As for my goals, I want my husband to have the option to retire at 65 (in 10 years), which means really working hard on our debt for the next few years!


3 Sean A June 28, 2012 at 10:09 am

I love this idea of having your dream bucket list for financials. When you have a clear why the how becomes a lit easier to achieve.


4 Diane June 29, 2012 at 7:27 am

I like your list! Regarding college, I love the idea of young adults graduating with no college debt. My alternate approach would be to fund their educations at a much less expensive school and then have a tidy sum left over to use as a down payment on their first homes. Shoot, at the amount you are talking about, you could pay cash for their homes and they would be debt free at the start of their adult lives. How awesome would that be?!!!


5 Kevin Mzansi June 29, 2012 at 10:37 am

For me, helping others is the biggest goal on the list. We don’t always realize how lucky we have it…
Dying penniless is a worthy goal, but it may be hard to pull off, since we don’t know how long we are going to live. Love the sentiment that we need to “live” while we are living!


6 Emily Guy Birken July 28, 2012 at 3:14 pm

I love the dying penniless goal. My grandmother, who was a wealthy woman, loved to give money and gifts to family while she was alive. If you objected and said “Grandma, it’s too much!” she would always reply “Why should you be glad I’m dead?” I love that philosophy.


7 Kim July 29, 2012 at 10:17 am

This is a great list. I have known several people who were like your grandmother, who left the earth with a large amount of money, but deprived themselves of very basic things during their lifetimes so they could pass that money on to relatives. There has to be a happy medium in there somewhere.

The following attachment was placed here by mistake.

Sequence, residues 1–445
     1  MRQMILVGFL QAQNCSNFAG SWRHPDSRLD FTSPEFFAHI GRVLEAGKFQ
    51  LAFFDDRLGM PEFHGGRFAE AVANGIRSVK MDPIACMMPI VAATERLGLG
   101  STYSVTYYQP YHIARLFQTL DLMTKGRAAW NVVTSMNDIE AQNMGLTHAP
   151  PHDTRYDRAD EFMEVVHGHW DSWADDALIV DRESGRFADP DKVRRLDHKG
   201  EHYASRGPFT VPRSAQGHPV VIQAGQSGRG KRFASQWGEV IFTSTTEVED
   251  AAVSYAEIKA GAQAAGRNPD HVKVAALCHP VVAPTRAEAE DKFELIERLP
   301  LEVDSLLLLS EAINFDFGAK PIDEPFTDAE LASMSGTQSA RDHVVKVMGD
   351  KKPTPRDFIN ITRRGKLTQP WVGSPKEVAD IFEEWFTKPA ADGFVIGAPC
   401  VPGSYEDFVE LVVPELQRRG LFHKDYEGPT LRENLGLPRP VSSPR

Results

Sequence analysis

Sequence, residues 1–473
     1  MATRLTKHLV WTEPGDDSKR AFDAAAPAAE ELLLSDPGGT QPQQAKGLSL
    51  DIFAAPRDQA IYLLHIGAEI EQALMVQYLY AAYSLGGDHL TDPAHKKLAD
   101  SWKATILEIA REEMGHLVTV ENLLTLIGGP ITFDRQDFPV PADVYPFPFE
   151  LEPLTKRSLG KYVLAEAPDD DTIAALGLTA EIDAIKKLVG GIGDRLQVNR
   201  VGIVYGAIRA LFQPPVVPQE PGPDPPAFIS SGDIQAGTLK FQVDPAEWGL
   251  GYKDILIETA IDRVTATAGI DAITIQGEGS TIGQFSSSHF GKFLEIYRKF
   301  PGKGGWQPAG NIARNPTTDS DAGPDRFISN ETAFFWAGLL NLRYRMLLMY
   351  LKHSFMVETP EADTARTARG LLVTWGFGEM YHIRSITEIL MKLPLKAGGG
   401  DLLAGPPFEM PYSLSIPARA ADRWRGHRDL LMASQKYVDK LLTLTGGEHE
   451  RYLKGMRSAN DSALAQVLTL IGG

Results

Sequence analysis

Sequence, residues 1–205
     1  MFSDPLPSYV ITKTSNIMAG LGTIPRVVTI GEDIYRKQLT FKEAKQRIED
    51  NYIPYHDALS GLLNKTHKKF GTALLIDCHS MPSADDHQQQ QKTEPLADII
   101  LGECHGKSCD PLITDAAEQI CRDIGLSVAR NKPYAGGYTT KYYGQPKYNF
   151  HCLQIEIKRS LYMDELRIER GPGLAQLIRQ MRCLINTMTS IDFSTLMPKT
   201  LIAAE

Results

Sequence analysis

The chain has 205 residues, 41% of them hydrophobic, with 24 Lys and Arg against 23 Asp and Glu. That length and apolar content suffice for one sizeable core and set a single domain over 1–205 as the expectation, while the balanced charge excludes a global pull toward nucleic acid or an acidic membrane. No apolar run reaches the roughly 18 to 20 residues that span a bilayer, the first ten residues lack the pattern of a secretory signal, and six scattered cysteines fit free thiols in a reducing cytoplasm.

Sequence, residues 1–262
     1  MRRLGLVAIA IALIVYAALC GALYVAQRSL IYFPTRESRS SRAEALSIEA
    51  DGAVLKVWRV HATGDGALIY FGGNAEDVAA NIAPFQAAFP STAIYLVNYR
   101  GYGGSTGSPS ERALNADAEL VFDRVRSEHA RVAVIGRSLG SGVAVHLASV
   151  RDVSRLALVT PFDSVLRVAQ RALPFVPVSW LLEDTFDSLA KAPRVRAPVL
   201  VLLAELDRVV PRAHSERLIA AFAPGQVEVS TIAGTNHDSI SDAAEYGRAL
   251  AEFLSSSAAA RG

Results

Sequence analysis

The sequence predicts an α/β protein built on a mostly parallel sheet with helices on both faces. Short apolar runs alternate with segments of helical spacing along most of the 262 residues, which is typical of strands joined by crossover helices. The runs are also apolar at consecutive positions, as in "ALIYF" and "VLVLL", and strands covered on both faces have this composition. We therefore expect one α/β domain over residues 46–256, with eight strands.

8 William @ Drop Dead Money August 2, 2012 at 11:25 am

My wife and I would like to leave enough for her niece to buy a little place for herself. She’s dedicated her life to help needy kids and she makes barely enough to survive. Her parents are well off, but we’re likely to go first, so our goal is to live comfortably but leave enough for Annie to get her own little place…


9 Rich In The Heart August 31, 2012 at 10:21 pm

Excellent post!
I absolutely love the idea of a financial bucket list.

You’re grandmother has a goal, which apparently helps her make it through the day. Perhaps you should ask her if she’d rather save the money simply to give it away (to charity, family members, etc.), or to enjoy it just a little bit.

You’re point about getting a starter home is exactly why my wife and I were determined NOT to listen to my own dearly departed mother. Thankfully, we made the right choice since we ended up having 4 children and bought a 4 bedroom house (yes, 2 of them are doubled up in 1 bedroom but it isn’t that bad on them). Coincidentally my younger siblings followed suite shortly before the housing busted a bit.

Are you using a chart to show your progress toward those goals? It should be easy enough to put in an Excel (or OpenOffice) spreadsheet), just let me know if you need help making one up. :-)